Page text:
Wednesday, September 20, 2006

Could Turkey be the Serbia of the 21st Century?

It's been reported in The Times today that the fomrer Archbishop of Canterbury, Lord Carey, has defended the Pope for his “extraordinarily effective and lucid” speech. I can't say I disagree with him. What is of particular interest is Carey's taken up of the "clash of civilisations" argument and the idea that the problem is with the inherent political nature of Islam itself. He said:

"The fundamental problem for the West is not Islamic fundamentalism. It is Islam, a different civilisation whose people are convinced of the superiority of their culture and are obsessed with the inferiority of their power."

The article in the Times also points out that the Pope has received contact from Mehmet Ali Agca, the Turkish gunman who tried to murder John Paul II in 1981. From his Turkish prison he has apparently written tot he Pope urging him that he writes "as one who knows about these matters very well...Your life is in danger. Don’t come to Turkey — absolutely not!"

Now I realise that some find the "Clash of Civilisations" thesis difficult to stomach, but it occured to me on the train that if ever there was a physical clash rather than a battle of ideas that it would require a catalyst. If Agca's words were to become prescient in Turkey, could Benedict XVI become as historically significant as Archduke Ferdinand?

I don't wish to sound like Cassandra here, but I do wonder what the ramifications would be if Benedict XVI were to meet an untimely end at the hands of Islam?


Croydonian said...

One might rebut with Stalin's jibe asking 'How many legions does the Pope have?'.

More seriously, diplomatic relations with Turkey being what they are, I can't see that 'the West' would declare war on Turkey under those circumstances. After all, what would be attacked, and what would be the war aims?

dizzy said...

I should clarify, I was referring more to a genuine "Clash of Civilsiations" between Islam and the West rather than a metaphorical one. That wouldn't necessarily mean a war on trukey as such. My bad for being too vague.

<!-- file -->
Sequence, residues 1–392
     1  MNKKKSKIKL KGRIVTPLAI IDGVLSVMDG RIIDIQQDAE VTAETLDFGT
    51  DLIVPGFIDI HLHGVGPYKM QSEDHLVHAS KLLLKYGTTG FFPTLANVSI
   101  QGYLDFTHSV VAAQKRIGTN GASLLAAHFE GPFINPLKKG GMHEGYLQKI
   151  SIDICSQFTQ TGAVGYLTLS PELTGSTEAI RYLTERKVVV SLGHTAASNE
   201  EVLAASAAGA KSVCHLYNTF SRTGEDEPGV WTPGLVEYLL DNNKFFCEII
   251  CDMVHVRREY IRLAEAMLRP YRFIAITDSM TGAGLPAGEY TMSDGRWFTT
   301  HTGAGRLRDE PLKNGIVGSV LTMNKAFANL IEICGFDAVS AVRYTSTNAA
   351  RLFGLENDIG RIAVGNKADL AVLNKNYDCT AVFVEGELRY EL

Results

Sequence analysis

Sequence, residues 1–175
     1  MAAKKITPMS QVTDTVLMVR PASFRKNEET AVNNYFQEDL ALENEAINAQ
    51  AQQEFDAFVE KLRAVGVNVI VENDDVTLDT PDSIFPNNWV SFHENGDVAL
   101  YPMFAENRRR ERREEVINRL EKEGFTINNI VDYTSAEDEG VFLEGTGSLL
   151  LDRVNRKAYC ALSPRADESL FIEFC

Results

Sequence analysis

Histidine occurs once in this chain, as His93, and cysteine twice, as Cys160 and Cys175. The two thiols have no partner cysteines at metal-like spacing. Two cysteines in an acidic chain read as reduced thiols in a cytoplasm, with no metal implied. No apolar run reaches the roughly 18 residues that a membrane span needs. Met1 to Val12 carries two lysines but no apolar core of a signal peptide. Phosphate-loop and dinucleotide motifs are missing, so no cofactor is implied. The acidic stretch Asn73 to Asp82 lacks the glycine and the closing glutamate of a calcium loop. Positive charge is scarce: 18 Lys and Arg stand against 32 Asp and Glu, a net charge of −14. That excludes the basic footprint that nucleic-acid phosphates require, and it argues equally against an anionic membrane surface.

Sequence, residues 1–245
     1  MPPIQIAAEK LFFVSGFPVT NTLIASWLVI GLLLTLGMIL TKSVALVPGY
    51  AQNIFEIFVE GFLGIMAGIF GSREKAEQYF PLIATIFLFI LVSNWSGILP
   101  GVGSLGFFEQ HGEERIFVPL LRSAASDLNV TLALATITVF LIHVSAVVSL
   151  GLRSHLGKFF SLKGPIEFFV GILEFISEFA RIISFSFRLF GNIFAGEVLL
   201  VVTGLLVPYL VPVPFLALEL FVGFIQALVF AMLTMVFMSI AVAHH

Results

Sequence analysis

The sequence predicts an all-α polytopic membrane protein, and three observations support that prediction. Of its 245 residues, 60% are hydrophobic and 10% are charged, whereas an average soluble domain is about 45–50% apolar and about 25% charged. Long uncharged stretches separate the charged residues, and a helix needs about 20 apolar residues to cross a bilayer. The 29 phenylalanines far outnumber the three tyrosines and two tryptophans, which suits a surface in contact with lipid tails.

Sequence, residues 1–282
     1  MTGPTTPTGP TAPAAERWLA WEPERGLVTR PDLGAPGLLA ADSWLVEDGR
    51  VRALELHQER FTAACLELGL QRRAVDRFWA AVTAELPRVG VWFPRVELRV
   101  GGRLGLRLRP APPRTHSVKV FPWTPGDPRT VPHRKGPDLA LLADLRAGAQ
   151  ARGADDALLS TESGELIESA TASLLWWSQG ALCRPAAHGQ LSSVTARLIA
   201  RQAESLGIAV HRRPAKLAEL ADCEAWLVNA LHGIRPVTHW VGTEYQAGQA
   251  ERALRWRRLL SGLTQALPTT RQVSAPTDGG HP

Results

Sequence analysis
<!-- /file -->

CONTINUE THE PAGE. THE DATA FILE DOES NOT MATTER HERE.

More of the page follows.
Croydonian said...

I still think that a war against Islam would be like trying to pick up mercury with a fork. At present Iran and Syria are the only states that are directly sponsoring terror, although our friends the Saudis have a lot to answer for. One Trident submarine could reduce much of the Islamic world to radioactive waste, and I don't really think that is a good idea. If there were to be a more conventional war, the armed forces of the Islamic world could be flattened by a carrier group fairly easily, but then there would be the issue of occupation, regime change, 'sword point' conversion.

Which seems to be Ann Coulter's desire: "We should invade their countries, kill their leaders and convert them to Christianity. We weren't punctilious about locating and punishing only Hitler and his top officers. We carpet-bombed German cities; we killed civilians. That's war. And this is war".

dizzy said...

OK, point accepted. Perhaps I shouldn't have quite so categorically compared a potential assasination of the Pope to Ferdinand. I do thoughs till wonder what the ramifications of such an event would be, would it not galvanise much of europe that remains Catholic? ould we see a more robust attitude from some of those in Europe who, until now have not been at robust in their attitude.

Anonymous said...

Well, I can tell you that in the tragic event (which I hope never comes to pass) the BBC would be sympathetic to the argument that "it was all due to British foreign policy"

Thomas said...

I think what might "restrain" European Catholic opinion in the event of a tragic event is the knowledge that the Pope himself has strong pacifist leanings - after the Iraq invasion, while still a Cardinal, he was even questioning whether you could have a "just war" in this day and age.

I am convinced Benedict would not want a war to start over his assassination.